A chance came up to work in New York, and he went for it.

“I’d nothing to lose by coming here and having an adventure,” he says. “If it didn’t work out, I’d go home, but I didn’t have a vision of what working out could mean.”

Again, Harkin explored the city by going clubbing. “It was 2003, and it really struck me that it wasn’t a good time for dance music culture in New York. Where were all the good parties? Where were the legendary nights that New York was supposed to offer?”

However, the new arrival did find a few places he liked. “There were parties like Motherfucker, rooted in guitar music, which happened eight times a year in huge clubs like the Roxy and Limelight, clubs which were empty because [then New York mayor] Rudy Giuliani put them out of business.

“Then, there was APT in the Meatpacking District, this tiny club which did great house, techno and hip-hop nights. You’d have Carl Craig, Moodymann, Theo Parrish, Lovebug Starski and DJ Premier all playing there. It really showed that this world in New York had shrunk and it had gone underground, so to speak. Those guys would be playing big clubs or festivals in Europe and here they were in New York in this tiny club.”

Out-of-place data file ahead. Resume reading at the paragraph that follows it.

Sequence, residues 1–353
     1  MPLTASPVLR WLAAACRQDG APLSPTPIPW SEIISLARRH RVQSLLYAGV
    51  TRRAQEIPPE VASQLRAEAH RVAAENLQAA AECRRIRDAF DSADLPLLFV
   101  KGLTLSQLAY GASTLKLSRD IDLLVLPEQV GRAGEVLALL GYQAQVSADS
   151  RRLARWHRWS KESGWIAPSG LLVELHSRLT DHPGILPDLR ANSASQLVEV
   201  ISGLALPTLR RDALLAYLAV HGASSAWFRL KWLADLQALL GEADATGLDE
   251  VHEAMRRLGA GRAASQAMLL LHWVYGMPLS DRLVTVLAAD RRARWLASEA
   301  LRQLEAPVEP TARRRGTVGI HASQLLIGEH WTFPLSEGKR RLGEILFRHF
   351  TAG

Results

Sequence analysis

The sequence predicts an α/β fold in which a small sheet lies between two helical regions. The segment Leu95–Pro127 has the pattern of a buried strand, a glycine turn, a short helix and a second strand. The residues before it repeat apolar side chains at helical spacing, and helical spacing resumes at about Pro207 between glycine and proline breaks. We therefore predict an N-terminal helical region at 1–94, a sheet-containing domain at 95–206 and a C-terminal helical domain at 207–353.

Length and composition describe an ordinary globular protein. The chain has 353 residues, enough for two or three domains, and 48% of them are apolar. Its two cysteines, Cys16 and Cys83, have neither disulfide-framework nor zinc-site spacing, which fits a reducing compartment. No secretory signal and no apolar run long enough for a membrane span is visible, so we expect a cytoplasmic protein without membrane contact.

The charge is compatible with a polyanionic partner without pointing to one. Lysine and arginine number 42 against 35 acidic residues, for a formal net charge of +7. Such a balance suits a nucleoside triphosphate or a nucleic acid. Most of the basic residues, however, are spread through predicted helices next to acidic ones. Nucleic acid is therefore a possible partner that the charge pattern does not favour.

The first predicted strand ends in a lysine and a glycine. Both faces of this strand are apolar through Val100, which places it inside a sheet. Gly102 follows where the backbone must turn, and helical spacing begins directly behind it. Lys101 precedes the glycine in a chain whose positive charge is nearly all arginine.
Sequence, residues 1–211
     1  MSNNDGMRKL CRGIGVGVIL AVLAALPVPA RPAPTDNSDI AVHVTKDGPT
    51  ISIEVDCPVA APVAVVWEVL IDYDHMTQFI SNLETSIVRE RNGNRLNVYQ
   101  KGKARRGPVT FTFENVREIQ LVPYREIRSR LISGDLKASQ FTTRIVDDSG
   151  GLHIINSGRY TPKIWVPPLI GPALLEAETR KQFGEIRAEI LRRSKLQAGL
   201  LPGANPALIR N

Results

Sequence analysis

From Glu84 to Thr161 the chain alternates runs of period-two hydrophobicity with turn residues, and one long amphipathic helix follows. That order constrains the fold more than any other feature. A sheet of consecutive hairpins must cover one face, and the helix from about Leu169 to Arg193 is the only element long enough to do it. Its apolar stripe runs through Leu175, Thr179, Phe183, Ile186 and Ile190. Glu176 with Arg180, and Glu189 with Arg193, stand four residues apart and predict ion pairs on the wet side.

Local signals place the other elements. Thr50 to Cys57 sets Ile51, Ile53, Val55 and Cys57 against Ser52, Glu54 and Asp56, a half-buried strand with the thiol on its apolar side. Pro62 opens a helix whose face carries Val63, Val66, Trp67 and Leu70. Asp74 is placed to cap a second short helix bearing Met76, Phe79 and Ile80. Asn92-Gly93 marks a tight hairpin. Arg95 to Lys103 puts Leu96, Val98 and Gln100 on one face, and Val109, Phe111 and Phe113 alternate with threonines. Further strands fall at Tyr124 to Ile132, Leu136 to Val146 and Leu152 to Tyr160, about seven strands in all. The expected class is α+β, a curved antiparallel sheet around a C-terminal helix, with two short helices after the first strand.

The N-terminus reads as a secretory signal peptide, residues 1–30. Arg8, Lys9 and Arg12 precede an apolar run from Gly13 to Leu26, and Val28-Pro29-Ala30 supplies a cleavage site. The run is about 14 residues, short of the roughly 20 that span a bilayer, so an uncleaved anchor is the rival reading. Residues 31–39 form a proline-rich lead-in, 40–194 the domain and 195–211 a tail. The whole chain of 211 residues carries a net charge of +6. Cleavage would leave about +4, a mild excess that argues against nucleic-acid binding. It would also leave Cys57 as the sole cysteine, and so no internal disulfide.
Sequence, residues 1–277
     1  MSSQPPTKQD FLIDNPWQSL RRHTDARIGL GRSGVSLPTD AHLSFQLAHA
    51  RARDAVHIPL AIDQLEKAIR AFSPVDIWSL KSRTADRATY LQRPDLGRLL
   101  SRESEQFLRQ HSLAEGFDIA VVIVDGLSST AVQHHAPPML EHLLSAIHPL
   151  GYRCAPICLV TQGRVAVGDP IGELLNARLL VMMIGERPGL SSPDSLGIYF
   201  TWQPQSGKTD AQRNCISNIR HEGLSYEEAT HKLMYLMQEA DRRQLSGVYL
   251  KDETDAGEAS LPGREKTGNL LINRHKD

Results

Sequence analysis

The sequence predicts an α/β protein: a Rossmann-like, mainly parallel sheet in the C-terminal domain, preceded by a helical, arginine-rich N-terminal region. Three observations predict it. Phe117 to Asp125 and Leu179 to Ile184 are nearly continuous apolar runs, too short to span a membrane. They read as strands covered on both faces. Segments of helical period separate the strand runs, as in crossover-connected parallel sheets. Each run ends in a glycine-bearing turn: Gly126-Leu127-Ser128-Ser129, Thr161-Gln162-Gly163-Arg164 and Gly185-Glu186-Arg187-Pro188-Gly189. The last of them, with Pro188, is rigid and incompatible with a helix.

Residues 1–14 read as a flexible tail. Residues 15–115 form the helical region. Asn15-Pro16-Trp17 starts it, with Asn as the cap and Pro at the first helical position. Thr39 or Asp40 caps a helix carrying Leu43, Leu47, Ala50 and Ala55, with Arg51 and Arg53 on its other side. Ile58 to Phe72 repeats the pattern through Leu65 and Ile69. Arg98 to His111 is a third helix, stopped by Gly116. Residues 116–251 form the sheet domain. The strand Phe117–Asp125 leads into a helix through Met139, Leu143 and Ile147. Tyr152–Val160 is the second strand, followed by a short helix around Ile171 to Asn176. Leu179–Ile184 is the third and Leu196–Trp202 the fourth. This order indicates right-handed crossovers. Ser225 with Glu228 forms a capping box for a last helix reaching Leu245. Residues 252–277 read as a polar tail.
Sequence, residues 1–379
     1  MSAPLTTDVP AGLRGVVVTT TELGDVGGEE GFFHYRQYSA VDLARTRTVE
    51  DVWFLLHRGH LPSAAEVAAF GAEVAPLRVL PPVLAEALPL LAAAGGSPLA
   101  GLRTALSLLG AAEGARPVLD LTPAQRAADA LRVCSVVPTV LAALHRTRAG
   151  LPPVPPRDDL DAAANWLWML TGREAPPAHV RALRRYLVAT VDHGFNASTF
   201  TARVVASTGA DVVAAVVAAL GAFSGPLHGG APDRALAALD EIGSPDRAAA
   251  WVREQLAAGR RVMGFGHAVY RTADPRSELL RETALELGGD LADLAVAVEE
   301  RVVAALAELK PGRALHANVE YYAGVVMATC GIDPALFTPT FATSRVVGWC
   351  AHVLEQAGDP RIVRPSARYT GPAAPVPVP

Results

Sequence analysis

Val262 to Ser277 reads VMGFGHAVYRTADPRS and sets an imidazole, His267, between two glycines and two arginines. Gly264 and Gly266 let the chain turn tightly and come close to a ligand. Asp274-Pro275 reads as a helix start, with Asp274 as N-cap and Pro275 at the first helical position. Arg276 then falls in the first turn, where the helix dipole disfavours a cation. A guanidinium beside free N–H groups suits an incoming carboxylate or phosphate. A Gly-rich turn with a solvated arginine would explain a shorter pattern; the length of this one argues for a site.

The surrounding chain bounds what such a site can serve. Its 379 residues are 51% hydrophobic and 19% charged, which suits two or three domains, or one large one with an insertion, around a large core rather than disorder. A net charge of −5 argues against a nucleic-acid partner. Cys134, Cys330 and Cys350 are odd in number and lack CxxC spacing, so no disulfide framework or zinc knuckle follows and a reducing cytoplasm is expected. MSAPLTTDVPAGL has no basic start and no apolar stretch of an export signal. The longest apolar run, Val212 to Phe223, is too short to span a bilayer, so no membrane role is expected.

Harkin dived in and got to know the city. He DJ-ed at Motherfucker and became a resident at the newly opened Studio B in Brooklyn. He met Justin Carter, then musical director at APT, and struck up a friendship and working relationship with him. At the end of 2008, they opened Mister Saturday Night at Manhattan’s Santos Party House.